ENGL 1010 - Waters

Library Resources for Alex Waters' English 1010 course

The Research Process

Step 1     Choose and Narrow Topic

The research process begins when you begin to think about your topic.  Write your research in the form of questions. 

Background research and information may be helpful during this time.

Use these databases for background information

Credo Reference

Biography in Context

CQ Researcher

Gale Virtual Reference Library

Narrow your topic before beginning to do research.  This may require repeating the steps several times.  If you narrow your topic too much, you may not get many results, while having too broad a topic will result in way too many results. 

Step 2  Choose your search terms

Think about your keywords. You may need to divide your topic into sections.  Use synonyms and related terms.  Using a mind map is an effective tool in identifying keywords and related terms.  

Create your search terms using the following tips:

  • Use quotation marks for exact phrases
  • Use And to narrow your search.  Results will contain words connected with And
  • Use Or to broaden your search.  Results will contain either search term
  • Use Not to limit your search, to exclude a search term

Step 3 Determine what sources you need and begin your search

Decide what types of resources you need to determine where to search for that information. 

To search for print books click here.

Using Databases 

Watch the Video below for a student's perspective on using library databases.


Some recommended databases can be found here.

You will potentially need to search more than one database.  Use subject terms to help you find more information.  Narrow or broaden your search using the limiters available.

Can't find something?  We can try to get it for you!  Click here to learn about Interlibrary Loan and the LOUIS card.

Step 4 Gather your research and evaluate your information

This step is probably the most time consuming step in the process.

Evaluate information using the CRAP Test

Evaluating information is especially important when completing academic research assignments in college because you will be evaluated on the quality of sources you use. The CRAP Test is a helpful tool to use when deciding if a source is high-quality and credible. CRAP stands for currency, reliability, authority and purpose. These are the four areas you'll consider when evaluating a source.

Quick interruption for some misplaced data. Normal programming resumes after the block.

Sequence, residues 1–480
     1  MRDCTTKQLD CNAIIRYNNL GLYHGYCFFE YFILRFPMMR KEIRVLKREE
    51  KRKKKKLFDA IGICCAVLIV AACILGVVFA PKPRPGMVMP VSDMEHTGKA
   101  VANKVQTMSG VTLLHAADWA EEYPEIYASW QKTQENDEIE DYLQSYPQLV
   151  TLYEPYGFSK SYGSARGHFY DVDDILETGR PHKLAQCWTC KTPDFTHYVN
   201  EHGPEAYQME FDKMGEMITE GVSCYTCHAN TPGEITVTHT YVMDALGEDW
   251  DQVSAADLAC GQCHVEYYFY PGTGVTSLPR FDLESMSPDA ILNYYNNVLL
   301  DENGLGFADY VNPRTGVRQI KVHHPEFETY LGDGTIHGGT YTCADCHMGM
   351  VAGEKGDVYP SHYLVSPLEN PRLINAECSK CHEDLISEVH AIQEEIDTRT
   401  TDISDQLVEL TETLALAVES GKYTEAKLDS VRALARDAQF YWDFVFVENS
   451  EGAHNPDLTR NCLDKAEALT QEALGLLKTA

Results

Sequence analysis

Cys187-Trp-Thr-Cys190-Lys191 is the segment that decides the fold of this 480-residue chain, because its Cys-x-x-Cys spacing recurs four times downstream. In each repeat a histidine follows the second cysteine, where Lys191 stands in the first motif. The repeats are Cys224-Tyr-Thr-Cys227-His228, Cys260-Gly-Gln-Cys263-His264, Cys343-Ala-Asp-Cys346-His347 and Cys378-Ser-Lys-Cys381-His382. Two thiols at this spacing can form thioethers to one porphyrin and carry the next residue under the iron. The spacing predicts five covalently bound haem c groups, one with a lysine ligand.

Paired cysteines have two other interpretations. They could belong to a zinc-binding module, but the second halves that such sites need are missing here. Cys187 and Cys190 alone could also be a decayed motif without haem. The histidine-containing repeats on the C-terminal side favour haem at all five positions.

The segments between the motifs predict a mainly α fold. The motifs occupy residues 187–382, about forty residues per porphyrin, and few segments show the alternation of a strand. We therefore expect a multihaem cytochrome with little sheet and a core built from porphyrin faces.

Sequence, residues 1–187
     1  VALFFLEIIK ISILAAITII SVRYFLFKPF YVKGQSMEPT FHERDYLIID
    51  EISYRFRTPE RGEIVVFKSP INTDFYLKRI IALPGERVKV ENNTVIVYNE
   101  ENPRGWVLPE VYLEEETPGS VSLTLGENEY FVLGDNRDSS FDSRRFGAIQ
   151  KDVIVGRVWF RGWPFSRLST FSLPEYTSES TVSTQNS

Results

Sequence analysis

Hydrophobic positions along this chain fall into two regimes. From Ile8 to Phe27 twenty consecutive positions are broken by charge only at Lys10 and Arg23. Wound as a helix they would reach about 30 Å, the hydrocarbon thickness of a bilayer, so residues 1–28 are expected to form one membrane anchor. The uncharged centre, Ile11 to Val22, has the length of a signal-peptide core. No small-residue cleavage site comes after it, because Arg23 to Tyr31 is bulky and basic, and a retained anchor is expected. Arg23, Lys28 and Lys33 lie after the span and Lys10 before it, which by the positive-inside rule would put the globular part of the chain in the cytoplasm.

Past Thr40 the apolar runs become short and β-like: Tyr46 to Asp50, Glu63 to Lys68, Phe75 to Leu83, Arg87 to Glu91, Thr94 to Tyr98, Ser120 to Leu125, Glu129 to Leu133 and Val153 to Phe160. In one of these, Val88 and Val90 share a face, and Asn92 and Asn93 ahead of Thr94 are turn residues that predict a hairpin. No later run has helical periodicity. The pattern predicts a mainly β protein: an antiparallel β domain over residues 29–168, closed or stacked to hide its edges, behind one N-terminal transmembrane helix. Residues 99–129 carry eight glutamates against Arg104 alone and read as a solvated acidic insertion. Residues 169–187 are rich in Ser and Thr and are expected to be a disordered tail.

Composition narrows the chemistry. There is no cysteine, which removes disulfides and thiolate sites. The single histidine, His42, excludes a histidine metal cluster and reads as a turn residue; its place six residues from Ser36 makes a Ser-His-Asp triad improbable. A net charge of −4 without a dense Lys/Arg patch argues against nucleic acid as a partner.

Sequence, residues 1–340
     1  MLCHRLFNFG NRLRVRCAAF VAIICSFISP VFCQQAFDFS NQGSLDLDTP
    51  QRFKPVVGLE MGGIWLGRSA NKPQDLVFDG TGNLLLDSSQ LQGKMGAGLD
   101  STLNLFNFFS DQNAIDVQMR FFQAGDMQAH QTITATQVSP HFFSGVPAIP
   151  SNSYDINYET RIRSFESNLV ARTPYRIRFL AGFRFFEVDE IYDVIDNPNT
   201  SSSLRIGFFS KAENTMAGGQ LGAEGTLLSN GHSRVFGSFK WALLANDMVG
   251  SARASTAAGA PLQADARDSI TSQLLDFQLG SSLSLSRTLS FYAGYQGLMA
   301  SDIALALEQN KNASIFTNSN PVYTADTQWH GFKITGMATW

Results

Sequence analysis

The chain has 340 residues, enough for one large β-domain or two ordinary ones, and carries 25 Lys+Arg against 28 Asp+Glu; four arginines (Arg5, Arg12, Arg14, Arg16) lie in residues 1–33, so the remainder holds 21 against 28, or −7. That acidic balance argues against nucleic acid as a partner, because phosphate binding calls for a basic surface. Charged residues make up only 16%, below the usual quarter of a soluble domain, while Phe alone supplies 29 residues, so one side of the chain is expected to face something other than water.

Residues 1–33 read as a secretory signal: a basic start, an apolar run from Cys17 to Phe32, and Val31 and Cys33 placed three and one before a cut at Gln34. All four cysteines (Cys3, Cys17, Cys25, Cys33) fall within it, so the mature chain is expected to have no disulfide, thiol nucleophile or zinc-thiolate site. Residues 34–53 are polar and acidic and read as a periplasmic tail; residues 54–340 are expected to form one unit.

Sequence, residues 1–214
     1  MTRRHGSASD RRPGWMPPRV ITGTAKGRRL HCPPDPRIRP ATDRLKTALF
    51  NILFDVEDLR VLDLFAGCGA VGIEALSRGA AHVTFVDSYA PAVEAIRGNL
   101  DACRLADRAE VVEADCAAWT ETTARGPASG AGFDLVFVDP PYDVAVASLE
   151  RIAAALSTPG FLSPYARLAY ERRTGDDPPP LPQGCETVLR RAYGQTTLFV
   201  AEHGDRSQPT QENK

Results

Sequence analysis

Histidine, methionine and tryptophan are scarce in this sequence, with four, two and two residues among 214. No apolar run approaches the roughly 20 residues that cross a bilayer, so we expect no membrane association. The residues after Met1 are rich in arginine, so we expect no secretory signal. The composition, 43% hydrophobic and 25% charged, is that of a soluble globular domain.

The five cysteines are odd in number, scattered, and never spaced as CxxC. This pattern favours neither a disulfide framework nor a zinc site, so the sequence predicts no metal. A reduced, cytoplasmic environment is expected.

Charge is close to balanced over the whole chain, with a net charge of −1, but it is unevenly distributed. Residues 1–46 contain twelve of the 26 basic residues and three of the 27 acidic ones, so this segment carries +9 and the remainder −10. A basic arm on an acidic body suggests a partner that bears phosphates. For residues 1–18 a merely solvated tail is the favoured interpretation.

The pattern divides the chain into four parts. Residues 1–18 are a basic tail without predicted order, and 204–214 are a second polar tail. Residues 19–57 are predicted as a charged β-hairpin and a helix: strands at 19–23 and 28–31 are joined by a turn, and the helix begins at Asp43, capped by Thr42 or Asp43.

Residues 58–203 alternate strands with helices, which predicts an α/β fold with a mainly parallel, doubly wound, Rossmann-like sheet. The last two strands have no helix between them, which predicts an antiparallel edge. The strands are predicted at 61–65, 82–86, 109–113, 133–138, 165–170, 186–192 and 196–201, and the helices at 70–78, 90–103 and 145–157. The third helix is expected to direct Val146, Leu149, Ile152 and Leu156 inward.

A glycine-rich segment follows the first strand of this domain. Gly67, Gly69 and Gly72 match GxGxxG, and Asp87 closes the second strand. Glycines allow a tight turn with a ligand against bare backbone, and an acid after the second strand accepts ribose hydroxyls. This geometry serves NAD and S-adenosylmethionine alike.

Here are a few questions to ask yourself as you go through the evaluation process.


  • How recent is the information?
  • How recently has the item been updated?
  • Is the information current enough for your topic?


  • What kind of information is included in the resource?
  • Is content of the resource primarily opinion?  Is is balanced?
  • Does the creator provide references or sources for data or quotations?
  • Is the information accurate and well-edited?


  • Who is the creator or author?
  • What are his/her credentials? Can you find any information about the author's background?
  • Who is the publisher or sponsor?
  • Are they reputable? What is the publisher's interest (if any) in this information?

Purpose/Point of View

  • Is the information fact or opinion? Does the author list sources or cite references?
  • Is the information biased? Do the author or publisher seem to be pushing an agenda or particular side?
  • Is the author/publisher trying to sell you something? Are there advertisements? If so, are they clearly stated?

Clackamas Community College Library

Step 5 Create your citations

Click here to get MLA citation help